Why Does My Hip Hurt? How to Identify Common Causes of Hip Pain

Common Causes of Hip Pain

An aching hip is a common orthopedic problem, and it could be due to one of these four conditions

As orthopedic specialists, we frequently see patients complaining of hip pain, which isn’t surprising considering how often we use our hips to walk, climb stairs, and exercise. 

Hips are ball and socket joints in which a ball on top of the femur (thigh bone) nestles into a socket in the acetabulum (hip bone). Surrounding the joint is a network of articular cartilage that prevents the bones from rubbing against each other and keeps the joint moving smoothly. Because of its structure and range of motion, the hip joint is especially vulnerable to overuse, causing pain that typically radiates from the outer hip and into the groin area. Hip pain can be caused by several common orthopedic conditions, which we explore here.

What’s Causing Your Hip Pain?

An orthopedic specialist will diagnose the exact cause of your hip pain with a physical examination that includes manipulating your hip to assess its range of motion. An X-ray or MRI may also be performed to get an image of your hip joint. After a thorough evaluation, your doctor can tell you if your hip pain is due to one of these four ailments:

Hip Bursitis 

Between the bones and soft tissue of the hip joint are bursae, or small sacs of fluid that cushion the bones so they don’t grind against each other. If the sacs become inflamed or damaged, often due to overuse, you’ll feel a sharp or dull pain in the hip area, have problems sitting or lying down on the hip, or experience pain standing up from a sitting position. Conservative treatment with a regimen of physical therapy, cold compresses, anti-inflammatory medications, and/or corticosteroid injections usually heals hip bursitis within weeks. If conservative therapy fails to resolve the pain, your doctor may recommend a minimally invasive arthroscopic procedure to extract fluid from the bursa or remove it.

Hip Arthritis 

The cartilage that surrounds the hip joint allows the joint to move smoothly. But when the cartilage breaks down due to age, obesity, or overuse, the bones lose their cushion and osteoarthritis occurs. Hip arthritis is quite common and causes pain, stiffness, swelling, or a popping sensation in the joint. Non-surgical treatment for hip arthritis ranges from physical therapy and lifestyle changes to corticosteroid injections. If those methods don’t work, one surgical option would be a hip resurfacing procedure that removes the damaged cartilage and socket. A metal mold where the rounded head of the femur bone fits is put in the socket’s place. Or, your surgeon may recommend a total hip replacement if the joint is severely damaged.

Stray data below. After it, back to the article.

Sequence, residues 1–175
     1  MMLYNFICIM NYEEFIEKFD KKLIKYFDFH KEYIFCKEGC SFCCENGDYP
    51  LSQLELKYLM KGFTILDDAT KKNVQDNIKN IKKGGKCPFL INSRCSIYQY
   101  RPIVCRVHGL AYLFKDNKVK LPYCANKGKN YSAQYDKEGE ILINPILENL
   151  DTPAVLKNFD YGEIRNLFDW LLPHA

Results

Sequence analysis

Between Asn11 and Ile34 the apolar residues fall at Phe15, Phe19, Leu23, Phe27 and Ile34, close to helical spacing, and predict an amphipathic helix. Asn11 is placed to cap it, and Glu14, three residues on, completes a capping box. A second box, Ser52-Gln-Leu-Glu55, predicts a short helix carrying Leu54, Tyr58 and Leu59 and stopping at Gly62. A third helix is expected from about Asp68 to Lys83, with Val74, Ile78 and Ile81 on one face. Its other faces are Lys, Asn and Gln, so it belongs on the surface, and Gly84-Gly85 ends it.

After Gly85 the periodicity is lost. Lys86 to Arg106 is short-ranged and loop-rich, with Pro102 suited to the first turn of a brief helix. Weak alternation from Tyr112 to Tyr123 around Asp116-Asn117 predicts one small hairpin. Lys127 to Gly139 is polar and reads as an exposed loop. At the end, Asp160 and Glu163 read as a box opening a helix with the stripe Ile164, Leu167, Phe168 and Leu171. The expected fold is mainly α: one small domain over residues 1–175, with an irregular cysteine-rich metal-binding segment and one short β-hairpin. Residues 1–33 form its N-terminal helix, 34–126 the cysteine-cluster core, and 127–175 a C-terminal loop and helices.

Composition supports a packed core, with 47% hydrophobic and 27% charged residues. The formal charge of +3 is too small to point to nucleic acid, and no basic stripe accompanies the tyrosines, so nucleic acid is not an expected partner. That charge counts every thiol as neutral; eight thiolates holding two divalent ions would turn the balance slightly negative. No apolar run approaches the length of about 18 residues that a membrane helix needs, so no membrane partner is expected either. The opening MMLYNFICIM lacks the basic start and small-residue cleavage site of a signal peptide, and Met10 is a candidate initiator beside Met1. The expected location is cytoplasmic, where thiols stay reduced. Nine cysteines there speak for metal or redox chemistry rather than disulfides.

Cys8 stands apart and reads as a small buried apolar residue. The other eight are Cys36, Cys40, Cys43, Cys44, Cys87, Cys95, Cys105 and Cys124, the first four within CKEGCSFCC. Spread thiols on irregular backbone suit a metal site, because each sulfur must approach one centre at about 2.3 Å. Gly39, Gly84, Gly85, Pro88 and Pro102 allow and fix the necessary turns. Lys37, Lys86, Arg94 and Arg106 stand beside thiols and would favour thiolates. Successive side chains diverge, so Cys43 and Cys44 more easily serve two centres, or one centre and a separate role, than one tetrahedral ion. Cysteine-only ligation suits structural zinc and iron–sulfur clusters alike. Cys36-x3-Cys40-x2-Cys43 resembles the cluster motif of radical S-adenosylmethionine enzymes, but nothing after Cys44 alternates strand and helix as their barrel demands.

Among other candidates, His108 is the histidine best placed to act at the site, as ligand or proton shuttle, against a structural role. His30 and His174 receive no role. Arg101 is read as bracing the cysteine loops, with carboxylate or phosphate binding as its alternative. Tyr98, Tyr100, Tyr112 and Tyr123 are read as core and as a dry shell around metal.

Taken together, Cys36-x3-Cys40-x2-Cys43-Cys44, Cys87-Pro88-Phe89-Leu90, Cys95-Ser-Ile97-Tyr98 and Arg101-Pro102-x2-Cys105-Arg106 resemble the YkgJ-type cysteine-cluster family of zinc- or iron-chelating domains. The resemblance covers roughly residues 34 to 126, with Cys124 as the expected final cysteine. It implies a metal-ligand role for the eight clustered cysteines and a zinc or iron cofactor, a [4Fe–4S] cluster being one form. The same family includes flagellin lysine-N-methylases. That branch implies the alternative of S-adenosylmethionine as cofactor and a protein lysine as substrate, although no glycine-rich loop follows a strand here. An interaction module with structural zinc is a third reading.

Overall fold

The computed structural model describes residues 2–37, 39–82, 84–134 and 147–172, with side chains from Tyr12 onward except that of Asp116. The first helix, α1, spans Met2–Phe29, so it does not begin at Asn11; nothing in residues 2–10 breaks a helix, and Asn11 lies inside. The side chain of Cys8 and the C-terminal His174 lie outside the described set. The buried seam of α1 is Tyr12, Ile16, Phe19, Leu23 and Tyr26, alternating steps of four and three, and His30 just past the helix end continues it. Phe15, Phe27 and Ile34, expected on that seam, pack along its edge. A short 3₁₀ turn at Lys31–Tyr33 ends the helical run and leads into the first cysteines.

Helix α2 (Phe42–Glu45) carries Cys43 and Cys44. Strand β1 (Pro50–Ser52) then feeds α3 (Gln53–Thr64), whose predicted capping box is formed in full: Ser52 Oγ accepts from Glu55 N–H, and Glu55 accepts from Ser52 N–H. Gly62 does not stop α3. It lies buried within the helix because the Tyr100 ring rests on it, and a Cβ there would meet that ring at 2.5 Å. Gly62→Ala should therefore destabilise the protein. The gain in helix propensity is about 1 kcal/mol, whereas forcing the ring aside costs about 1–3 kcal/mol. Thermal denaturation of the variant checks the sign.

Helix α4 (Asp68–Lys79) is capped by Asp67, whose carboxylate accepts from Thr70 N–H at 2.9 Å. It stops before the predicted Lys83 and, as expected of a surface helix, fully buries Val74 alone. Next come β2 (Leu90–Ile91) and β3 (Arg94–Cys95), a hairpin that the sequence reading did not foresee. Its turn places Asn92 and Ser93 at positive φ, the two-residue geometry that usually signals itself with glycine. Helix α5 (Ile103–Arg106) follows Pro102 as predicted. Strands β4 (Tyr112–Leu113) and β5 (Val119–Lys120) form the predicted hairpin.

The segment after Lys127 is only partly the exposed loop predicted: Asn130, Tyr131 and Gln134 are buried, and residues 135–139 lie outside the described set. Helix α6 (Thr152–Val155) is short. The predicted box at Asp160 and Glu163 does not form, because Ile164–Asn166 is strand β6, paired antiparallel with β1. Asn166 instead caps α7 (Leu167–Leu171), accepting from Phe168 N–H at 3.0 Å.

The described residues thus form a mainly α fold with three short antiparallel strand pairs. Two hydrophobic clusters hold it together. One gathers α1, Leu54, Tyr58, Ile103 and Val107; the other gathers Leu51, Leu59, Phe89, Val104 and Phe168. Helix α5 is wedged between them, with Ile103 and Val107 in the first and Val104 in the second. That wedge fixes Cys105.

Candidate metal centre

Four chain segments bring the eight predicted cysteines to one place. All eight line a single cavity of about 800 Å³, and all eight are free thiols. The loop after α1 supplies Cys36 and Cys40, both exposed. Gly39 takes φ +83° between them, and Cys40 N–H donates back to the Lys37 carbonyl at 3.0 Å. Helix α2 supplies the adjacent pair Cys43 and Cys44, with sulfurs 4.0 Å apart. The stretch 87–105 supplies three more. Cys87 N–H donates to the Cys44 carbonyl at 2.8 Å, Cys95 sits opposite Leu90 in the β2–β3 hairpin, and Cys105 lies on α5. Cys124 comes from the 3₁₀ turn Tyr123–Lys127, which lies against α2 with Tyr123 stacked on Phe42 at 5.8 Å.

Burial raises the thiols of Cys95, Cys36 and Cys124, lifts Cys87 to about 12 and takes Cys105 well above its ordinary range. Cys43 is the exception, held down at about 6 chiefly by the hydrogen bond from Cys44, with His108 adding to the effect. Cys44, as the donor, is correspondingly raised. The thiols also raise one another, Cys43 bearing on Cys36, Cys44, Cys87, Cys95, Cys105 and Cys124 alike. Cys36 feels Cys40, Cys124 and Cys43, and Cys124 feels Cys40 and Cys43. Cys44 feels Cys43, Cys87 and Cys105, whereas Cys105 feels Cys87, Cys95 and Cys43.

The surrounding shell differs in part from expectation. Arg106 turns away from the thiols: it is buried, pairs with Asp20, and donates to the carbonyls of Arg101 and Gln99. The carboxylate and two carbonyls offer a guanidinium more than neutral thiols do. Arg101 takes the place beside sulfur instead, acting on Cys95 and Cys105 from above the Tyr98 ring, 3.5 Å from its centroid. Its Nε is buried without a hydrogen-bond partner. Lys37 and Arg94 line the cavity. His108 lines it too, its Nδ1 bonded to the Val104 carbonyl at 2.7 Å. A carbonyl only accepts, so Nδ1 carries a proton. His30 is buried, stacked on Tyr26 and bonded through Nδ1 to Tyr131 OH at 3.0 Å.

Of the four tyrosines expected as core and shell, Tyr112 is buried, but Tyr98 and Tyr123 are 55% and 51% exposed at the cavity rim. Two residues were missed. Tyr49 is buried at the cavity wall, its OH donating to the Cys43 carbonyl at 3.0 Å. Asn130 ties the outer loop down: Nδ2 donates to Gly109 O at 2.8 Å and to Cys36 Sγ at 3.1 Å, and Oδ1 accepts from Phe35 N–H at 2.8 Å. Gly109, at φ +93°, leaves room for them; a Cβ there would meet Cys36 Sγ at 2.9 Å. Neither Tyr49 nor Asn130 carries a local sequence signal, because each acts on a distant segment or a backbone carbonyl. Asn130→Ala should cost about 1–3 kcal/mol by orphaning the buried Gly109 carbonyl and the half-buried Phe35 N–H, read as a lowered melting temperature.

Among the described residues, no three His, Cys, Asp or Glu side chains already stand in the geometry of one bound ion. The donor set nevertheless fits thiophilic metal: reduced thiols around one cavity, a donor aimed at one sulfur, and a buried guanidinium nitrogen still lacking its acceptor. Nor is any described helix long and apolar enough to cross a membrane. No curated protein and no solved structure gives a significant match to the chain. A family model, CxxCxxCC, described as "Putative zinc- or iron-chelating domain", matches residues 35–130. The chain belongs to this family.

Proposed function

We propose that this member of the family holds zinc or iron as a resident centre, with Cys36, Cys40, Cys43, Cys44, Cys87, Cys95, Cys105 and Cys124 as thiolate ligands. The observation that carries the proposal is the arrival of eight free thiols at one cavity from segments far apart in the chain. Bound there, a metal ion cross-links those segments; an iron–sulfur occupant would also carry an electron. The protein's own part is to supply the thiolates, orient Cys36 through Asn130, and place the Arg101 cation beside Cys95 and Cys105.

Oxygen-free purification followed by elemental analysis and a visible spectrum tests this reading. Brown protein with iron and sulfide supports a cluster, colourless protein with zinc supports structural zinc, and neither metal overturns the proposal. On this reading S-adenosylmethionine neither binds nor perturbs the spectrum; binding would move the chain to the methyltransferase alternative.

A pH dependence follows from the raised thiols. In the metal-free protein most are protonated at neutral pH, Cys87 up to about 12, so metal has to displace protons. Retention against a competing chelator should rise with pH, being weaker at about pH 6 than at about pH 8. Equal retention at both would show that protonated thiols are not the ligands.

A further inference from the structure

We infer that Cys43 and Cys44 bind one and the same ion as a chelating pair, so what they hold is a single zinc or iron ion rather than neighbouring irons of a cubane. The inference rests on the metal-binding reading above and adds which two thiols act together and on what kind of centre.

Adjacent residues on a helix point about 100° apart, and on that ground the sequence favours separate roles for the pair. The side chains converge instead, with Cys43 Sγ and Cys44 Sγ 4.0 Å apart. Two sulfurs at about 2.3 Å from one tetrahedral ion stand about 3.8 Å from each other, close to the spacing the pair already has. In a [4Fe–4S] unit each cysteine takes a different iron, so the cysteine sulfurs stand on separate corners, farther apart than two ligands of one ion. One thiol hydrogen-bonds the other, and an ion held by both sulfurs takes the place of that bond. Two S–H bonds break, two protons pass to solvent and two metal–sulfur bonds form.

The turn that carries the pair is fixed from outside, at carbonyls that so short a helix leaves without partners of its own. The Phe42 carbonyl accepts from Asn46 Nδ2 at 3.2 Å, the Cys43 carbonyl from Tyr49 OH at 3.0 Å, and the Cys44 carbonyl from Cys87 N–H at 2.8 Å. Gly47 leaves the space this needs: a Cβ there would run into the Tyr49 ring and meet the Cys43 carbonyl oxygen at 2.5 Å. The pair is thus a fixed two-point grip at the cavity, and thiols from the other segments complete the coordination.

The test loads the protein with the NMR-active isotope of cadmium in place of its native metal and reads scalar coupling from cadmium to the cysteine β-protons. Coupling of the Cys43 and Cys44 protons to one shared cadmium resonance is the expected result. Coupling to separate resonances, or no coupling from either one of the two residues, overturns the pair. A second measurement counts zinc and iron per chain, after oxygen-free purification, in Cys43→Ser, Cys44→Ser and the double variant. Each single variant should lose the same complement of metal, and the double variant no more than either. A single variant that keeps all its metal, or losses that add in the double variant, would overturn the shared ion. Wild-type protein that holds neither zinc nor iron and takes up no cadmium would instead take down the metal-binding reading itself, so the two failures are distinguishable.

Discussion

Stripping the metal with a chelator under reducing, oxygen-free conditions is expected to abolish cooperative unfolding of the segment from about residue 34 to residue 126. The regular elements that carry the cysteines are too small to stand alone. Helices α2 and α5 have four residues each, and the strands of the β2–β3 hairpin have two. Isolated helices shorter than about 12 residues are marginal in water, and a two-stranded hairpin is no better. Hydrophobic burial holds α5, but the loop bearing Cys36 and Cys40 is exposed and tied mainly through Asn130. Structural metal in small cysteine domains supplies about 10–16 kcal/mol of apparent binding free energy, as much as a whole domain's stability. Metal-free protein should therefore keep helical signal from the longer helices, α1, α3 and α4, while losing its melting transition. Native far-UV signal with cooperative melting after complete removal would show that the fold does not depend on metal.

Hip Impingement 

When the ball and socket of the hip joint are misaligned and grind together, the ring of cartilage known as acetabular labrum that keeps the two bones in place becomes pinched and irritated. Femoroacetabular impingement (FAI) is characterized by groin pain that may spread to the lower back or outer hip. The first line of treatment for a hip impingement is stopping strenuous exercise, followed by physical therapy to stretch and strengthen the surrounding muscles and corticosteroid injections if necessary. Depending upon the severity of the hip impingement, you may need arthroscopic surgery to repair the labrum or remove bone spurs. The most severe cases would require a partial or total hip replacement.

Hip Labral Tear 

Without treatment, a hip impingement can progress to a labral tear as prolonged friction between the bones frays and ruptures the labrum. Labral tears are sometimes caused by an injury or malformed joint, as well. Symptoms include pain in the front of the hip or groin, weakness or stiffness in the joint, or a locking sensation when you move. Physical therapy and anti-inflammatory medication should reduce pain, but if conservative treatment doesn’t resolve the discomfort, you may need surgery. Fortunately, arthroscopic surgery to repair a labral tear and stabilize the joint with bioabsorbable clips is minimally invasive. Surgery is followed by physical therapy that will have you back to your normal activities within eight to 12 weeks.

We’re the Hip Specialists

At New York Bone & Joint Specialists, we have physicians and physical therapists who focus on hip disorders and many other orthopedic conditions. Using the latest diagnostic techniques, we’ll pinpoint the cause of your condition and create a treatment plan to get you pain-free as soon as possible. 

We are open for both in-person and telemedicine appointments, and we’ve instituted strict guidelines to ensure your safety. Contact us today.

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